- The UK sanctioned five Russian banks and three individuals on Tuesday.
- The move came after Putin ordered troops into eastern Ukraine.
- Boris Johnson told parliament that more measures could follow.
The UK sanctions announced on five Russian banks and three individuals on Tuesday, its first move to punish Russia for sending troops to eastern Ukraine.
Prime Minister Boris Johnson called it the “first tranche, the first barrage” of sanctions over its aggression towards Ukraine.
The five banks are Rossiya, IS Bank, General Bank, Promsvyazbank and the Black Sea Bank. Three “very” high
individuals – Gennady Timchenko, Boris Rotenberg, and Igor Rotenberg – were also named.
The sanctions were the first on Russia announced by a Western nation. The EU and US said they would announce measures later on Tuesday. It was unclear if the UK would also announce more measures later on Tuesday.
Germany also moved to ax the Nord Stream II gas pipeline linking it and Russia.
Speaking in Parliament on Tuesday afternoon, Johnson said Vladimir Putin had “flagrantly violated” agreements on the territorial integrity of Ukraine by recognizing in independence of Donetsk and Luhansk, two separatist territories that are loyal to Moscow.
In his speech last night, the Russian President “hurled numerous other false accusations and aspersions” and deployed Russia troops to the region “under the guise of peacekeepers,” Johnson said.
The deployment of troops and tanks in eastern Ukraine “amounts to a renewed invasion of that country,” Johnson said. Putin was “establishing the pretext for a full-scale offensive”, he added, suggesting the ultimate plan was “the destruction of a peaceful neighbour”.
Johnson, who visited Ukraine in recent weeks and met with leaders in Munich over the weekend, confirmed the limited sanctions immediately and said the UK was “prepared” to go further.
Under the UK sanctions regime, any assets the banks or people hold in the UK are due to be frozen, individuals banned from traveling to the UK, and all UK individuals and entities banned from having dealings with them.
“This is the first tranche, the first barrage, of what we are prepared to do,” said Johnson. “We will hold further sanctions at readiness, to be deployed alongside the United States and the European Union if the situation escalates still further.”
The Prime Minister also vowed to send more troops to the region if requested by NATO, saying: “We cannot tell what will happen in the days ahead, but we should steel ourselves for a protracted crisis.
“The United Kingdom will meet this challenge side-by-side with our allies, determined that we will not allow Putin to drag our continent back into a Hobbesian state of nature, where aggression pays and might is right.”
Johnson also told MPs it was “inconceivable” that major sporting events would take place in Russia in the current circumstances, despite having previously said he did not believe in boycotts.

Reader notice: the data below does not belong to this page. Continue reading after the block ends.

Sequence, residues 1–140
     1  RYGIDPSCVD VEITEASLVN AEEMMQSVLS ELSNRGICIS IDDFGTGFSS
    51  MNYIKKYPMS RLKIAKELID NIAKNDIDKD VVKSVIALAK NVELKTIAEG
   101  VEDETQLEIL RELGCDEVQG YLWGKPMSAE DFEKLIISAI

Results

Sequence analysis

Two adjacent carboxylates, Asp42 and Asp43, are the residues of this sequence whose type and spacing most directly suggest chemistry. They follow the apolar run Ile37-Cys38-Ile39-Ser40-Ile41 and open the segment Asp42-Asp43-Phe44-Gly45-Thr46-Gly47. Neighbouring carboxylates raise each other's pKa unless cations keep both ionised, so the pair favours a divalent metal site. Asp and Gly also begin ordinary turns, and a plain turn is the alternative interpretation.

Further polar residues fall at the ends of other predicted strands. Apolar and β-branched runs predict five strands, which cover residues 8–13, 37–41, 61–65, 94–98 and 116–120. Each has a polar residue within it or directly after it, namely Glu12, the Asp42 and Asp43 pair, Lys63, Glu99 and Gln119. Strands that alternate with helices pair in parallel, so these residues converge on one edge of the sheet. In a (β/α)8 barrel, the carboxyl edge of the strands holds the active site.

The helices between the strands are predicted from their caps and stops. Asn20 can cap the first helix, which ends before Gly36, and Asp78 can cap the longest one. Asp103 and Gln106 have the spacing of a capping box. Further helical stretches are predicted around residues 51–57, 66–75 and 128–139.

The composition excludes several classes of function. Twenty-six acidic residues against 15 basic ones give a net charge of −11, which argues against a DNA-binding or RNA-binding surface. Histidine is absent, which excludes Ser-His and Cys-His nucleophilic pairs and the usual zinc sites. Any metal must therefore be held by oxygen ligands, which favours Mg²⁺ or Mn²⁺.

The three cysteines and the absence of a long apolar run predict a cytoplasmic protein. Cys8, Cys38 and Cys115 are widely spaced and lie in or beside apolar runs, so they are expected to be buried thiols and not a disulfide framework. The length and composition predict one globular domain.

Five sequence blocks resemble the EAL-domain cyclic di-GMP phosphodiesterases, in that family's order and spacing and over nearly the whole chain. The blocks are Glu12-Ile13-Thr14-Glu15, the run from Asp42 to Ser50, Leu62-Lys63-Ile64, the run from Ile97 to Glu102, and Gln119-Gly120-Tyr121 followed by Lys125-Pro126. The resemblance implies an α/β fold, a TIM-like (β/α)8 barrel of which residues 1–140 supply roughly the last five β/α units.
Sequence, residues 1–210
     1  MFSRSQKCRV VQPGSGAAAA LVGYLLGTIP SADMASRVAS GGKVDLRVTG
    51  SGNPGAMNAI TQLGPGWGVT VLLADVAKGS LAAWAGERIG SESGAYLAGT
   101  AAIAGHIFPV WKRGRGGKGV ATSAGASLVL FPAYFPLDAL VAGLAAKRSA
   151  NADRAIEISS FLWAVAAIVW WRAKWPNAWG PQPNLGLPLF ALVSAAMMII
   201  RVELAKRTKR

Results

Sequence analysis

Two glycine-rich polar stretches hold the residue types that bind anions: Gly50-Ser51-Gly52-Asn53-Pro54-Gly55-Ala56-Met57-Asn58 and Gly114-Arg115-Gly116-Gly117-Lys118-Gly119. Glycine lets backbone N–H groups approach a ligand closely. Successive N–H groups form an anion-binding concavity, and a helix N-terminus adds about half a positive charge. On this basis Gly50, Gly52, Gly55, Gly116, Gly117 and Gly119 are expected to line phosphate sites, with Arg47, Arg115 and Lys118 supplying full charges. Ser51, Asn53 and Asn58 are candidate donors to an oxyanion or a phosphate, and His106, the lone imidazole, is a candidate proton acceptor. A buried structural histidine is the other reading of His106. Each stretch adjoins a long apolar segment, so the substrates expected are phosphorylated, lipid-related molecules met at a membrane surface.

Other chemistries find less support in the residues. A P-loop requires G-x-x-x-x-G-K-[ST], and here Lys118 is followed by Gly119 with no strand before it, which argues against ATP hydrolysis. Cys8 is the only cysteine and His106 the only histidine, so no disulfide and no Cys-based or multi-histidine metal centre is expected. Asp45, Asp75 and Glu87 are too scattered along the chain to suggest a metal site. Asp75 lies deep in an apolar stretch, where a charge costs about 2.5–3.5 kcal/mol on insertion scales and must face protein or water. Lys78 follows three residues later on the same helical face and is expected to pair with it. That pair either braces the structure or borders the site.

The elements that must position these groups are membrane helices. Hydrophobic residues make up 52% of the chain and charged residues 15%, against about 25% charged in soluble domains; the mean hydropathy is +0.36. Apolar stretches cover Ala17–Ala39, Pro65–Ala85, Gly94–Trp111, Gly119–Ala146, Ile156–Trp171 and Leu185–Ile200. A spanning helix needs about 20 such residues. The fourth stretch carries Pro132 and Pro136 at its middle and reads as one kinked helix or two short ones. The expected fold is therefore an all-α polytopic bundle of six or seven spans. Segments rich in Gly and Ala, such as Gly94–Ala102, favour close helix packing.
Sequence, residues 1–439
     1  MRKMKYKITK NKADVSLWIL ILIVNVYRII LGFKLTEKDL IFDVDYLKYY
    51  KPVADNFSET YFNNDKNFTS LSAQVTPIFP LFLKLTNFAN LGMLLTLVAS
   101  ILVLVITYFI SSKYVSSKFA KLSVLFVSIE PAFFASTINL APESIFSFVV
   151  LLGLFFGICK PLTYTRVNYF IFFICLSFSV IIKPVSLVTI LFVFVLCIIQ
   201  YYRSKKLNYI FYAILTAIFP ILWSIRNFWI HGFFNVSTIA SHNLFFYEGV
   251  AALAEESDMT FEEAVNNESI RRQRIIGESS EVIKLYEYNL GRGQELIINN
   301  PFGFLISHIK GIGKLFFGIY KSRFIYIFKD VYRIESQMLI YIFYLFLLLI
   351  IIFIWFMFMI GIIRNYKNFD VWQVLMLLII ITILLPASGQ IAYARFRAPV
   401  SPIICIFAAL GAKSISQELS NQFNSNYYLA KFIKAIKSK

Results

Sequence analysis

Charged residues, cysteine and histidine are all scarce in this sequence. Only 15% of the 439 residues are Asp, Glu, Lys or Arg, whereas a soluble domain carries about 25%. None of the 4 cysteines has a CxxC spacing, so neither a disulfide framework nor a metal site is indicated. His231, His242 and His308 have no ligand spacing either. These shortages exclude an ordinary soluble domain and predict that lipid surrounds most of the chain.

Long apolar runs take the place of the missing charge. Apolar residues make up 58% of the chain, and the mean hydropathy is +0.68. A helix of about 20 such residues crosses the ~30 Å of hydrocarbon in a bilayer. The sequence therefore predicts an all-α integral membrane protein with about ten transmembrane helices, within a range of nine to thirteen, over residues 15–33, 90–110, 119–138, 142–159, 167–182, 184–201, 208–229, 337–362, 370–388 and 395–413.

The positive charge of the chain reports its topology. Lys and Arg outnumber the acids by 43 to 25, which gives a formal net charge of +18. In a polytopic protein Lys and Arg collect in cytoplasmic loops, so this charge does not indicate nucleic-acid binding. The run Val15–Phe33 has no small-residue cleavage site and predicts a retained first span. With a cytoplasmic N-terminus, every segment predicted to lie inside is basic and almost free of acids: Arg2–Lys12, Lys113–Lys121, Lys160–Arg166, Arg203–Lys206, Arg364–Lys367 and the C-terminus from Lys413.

In a separate statement, Foreign Secretary Liz Truss confirmed that the UK will also sanction members of the Russian Duma and Federation Council who voted to recognize the independence of Donetsk and Luhansk “in flagrant violation of Ukraine’s territorial sovereignty”.
The government will also extend existing territorial sanctions imposed on Crimea, banning UK individuals and businesses from dealing with the territory until it is returned to Ukrainian control.
Truss also stressed that an “unprecedented package of further sanctions [is] ready to go” if the Kremlin does not back down. These include a wide ranging set of measures targeting the Russian financial sector, and trade.
However UK politicians were critical of Downing Street’s muted first response.
Keir Starmer, Labor leader, said politicians “must show Putin we will not be divided”, adding that while he welcomed the sanctions announced today, more was needed.
“I understand the tactic of holding back sanctions for Putin and his cronies to try and stop an invasion of the rest of Ukraine, but a threshold has already been breached. A sovereign nation has been invaded in a war of aggression based on lies and fabrication .
“If we do not respond with a full set of sanctions now, Putin will once again take away the message that the benefits of aggression outweigh the costs.”
As well as sanctions, Starmer called for a ban on trading in Russian sovereign debt, its exclusion from financial mechanisms such as Swift and to end a “campaign of propaganda” by banning the state-run RT channel from airing in Britain.
He also called for measures to be introduced to tackle dirty money in London, both in the City and politics, as well as cracking down on spies.
“We have to admit mistakes have been made, we have to rectify them,” the Labor leader said. “This has to be a turning point.”
Chris Bryant, chairman of the Russia all-party parliamentary group and chairman of the Commons standards committee, tweeted: “Johnson’s statement on Ukraine seems remarkably thin. Just three people and some banks to be sanctioned.”
He added: “Has Abramovich been sanctioned? I thought not.”
Johnson was also urged to go further by Conservative MPs including former party leader Iain Duncan Smith, who told the prime minister: “They need to feel the pain”
Crispin Blunt, another Tory MP, said Putin “has already committed the crimes that deserve the most severest punishment from the free world.”
Peter Bone, a veteran backbencher, added: “I think both sides of the House were expecting stronger sanctions to be announced today.”
The relative inaction was also criticized by figures outside of Westminster.
Bill Browder, the financier and political activist behind the Magnitsky Act, said: “Pretty tepid if you ask me. The oligarchs have been on the US sanctions list since 2018.
“Where is VTB and Sberbank? Where are the other 50 oligarchs? The ones whose names we can’t mention out of fear of libel.”